These nine oil paintings appear to have been executed as a kind of formal exercise. Behind a foreground, often placed in one corner, brush strokes of thin paint have been conglomerated over stretched white linen to recede in the most complex, energetic and ambivalent way—while still considering the painted surface as a whole.
There is no sense of a particular time and place, though landscape photographs appear to have been used as source material. Nor is there any kind of compelling emotion. What we get is nervous energy—many of the brush strokes resemble quivering neurons.
Overall, each piece feels pleasant, if detached. It does not compel the viewer to become emotionally or intellectually involved. But the details—oh, those details! As has been done to paintings over the centuries, future collectors may be tempted to cut up each canvas to create many smaller and more exciting ones. The artist’s imagination appears to have become more intense as she worked her brush into ever-smaller spaces. The power of her intention might even extend into the microscopic. The virtuosic swirl, splatter and drip of the paint present a cheerful, manic world of endless possibilities.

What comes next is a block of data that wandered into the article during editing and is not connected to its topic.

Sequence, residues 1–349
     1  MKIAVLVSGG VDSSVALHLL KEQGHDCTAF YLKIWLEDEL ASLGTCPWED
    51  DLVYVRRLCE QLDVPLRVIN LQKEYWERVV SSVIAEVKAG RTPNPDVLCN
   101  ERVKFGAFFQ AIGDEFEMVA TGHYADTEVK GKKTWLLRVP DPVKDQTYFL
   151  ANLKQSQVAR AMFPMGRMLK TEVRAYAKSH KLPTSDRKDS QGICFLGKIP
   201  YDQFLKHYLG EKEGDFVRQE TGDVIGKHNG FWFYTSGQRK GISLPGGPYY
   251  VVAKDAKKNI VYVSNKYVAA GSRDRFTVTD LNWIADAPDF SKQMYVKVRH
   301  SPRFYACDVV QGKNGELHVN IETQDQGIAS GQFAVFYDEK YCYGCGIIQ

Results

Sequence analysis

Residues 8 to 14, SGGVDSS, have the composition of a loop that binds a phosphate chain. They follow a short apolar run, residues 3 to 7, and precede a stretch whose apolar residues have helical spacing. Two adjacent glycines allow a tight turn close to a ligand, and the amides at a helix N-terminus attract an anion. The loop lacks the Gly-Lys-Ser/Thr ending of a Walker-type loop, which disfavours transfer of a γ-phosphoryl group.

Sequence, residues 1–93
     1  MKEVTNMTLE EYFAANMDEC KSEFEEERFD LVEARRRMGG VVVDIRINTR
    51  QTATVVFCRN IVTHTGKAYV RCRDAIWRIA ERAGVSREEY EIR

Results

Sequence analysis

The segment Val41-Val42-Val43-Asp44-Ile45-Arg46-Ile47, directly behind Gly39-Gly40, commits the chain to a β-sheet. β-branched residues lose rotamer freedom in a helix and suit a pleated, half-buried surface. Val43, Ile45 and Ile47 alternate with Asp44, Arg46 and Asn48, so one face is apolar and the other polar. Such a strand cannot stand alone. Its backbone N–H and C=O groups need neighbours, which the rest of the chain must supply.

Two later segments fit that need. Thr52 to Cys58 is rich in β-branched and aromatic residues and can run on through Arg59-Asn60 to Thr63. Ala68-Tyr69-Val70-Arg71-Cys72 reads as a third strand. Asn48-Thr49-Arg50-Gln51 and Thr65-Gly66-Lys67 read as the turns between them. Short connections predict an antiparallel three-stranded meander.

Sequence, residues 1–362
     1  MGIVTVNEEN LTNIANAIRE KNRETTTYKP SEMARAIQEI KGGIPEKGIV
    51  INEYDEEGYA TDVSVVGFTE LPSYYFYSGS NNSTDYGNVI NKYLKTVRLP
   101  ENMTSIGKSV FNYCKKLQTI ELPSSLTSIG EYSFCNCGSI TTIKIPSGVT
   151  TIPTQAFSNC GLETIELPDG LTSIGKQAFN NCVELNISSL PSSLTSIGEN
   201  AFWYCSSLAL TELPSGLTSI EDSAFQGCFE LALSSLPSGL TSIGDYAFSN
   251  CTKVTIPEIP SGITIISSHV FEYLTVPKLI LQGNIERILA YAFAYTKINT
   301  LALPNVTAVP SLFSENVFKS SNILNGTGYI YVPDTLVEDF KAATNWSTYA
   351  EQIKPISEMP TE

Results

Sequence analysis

The work is upbeat and luminescent—like iconic Impressionist painting but with the formal elements having a life of their own instead of being mimetic of life as seen. This is high, meditative art. As judged by its apparent virtuosity and lively intensity—it succeeds. But if seeking some connection to the challenge of being human, nowadays or whenever—it’s relevant only to our cellular biology. There’s no suggestion of any social, spiritual or psychological struggle.
This is the artist’s first solo exhibition since her 2018 graduation from the MFA program at the School of the Art Institute of Chicago. It is a tribute to that school, her remarkable ability and the gallery that recognized it. Jeane Cohen has shared the thrill of being alive. Now we have to wait and see what she does next. She seems poised at the edge of fear and wonder.